Art Without Boundaries: The World of Modern Dance

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University of Iowa Press, 1997 - Performing Arts - 346 pages
Treating modern dance as a self-renewing art, Anderson follows its changes over the decades and discusses the visionary choreographers (some of whose lives are as colorful and tumultuous as their creations) who have devised new modes of movement. Art without Boundaries begins with an analysis of the rich mixture of American and European influences at the end of the nineteenth century that prompted dancers to react against established norms. Anderson shows how reformist social and educational ideas as well as the impact of the arts of Asia and ancient Greece led such pioneers as Loie Fuller, Maud Allan, Isadora Duncan, and Ruth St. Denis to forge deeply personal views. Anderson discusses the increasingly bold approaches of choreographers and dancers after World War I, how the politically troubled thirties gave rise to social protest dance in America, and how the menace of facism was reflected in the work of European practitioners. Following World War II many European nations turned to ballet, whereas American modern dance prospered under inventive new choreographers like Jose Limon, Merce Cunningham, Paul Taylor, and Alwin Nikolais. The book concludes with an authoritative view of how modern dance thrives once again on a worldwide basis.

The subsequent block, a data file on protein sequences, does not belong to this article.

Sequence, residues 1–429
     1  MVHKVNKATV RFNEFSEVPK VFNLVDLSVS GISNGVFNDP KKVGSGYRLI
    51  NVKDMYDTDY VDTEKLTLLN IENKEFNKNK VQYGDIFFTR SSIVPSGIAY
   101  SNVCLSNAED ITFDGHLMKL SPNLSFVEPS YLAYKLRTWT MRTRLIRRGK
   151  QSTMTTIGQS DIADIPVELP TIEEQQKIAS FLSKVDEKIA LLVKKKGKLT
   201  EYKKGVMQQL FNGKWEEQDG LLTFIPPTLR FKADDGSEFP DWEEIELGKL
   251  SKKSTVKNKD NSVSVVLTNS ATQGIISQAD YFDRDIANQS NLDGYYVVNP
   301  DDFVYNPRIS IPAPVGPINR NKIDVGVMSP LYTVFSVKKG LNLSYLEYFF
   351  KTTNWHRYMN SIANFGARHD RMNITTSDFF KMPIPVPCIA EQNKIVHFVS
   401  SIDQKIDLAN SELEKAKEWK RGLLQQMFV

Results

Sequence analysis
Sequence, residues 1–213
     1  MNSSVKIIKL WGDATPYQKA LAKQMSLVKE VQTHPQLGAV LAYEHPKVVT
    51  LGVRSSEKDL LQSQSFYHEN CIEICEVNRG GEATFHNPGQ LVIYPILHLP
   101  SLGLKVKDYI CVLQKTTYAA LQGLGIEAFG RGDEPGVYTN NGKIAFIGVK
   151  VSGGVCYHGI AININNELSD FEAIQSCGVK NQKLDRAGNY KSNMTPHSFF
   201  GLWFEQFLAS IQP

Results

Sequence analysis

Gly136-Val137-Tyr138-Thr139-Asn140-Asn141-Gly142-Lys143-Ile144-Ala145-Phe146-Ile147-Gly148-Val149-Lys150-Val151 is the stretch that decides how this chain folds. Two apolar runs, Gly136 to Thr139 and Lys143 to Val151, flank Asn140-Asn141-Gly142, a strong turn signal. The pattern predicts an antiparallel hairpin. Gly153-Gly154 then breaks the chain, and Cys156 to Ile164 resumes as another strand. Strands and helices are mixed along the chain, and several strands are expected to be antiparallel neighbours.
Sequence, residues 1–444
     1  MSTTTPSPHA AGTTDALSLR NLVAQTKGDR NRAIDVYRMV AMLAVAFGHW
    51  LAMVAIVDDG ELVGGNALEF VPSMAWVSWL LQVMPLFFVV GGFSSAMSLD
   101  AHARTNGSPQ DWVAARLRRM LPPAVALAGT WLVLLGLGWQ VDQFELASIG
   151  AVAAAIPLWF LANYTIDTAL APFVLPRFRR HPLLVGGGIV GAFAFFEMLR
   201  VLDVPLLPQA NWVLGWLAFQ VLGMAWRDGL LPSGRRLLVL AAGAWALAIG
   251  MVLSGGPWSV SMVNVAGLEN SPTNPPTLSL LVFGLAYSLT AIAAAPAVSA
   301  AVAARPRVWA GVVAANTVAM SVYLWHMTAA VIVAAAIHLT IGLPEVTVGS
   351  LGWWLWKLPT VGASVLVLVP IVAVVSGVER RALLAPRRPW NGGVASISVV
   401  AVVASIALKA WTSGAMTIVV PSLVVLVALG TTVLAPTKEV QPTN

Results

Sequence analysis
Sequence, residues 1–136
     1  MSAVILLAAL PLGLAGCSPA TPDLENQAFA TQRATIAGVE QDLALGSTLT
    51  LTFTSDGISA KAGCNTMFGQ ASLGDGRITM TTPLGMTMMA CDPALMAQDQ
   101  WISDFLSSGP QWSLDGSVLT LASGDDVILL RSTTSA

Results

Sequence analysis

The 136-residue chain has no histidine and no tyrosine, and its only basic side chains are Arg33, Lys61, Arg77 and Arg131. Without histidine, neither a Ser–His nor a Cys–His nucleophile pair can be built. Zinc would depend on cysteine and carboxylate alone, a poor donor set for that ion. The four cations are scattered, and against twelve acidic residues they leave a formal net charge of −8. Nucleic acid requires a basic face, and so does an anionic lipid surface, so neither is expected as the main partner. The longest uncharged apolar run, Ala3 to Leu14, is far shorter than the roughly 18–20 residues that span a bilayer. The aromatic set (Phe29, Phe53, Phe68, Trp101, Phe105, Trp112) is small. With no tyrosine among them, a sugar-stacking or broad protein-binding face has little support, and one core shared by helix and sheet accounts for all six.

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Art without boundaries: the world of modern dance

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In his newest book, New York Times dance critic Anderson chronicles the diversity of this art form as performed throughout the world since the 19th century. The presentation is historical, so dancers ... Read full review


From the Beginnings to World War I
From World War I to the Great Depression
From the Depression to World War II

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About the author (1997)

Anderson has written for such leading dance publications as the New York Times, Dancing Times, and Dance Magazine.

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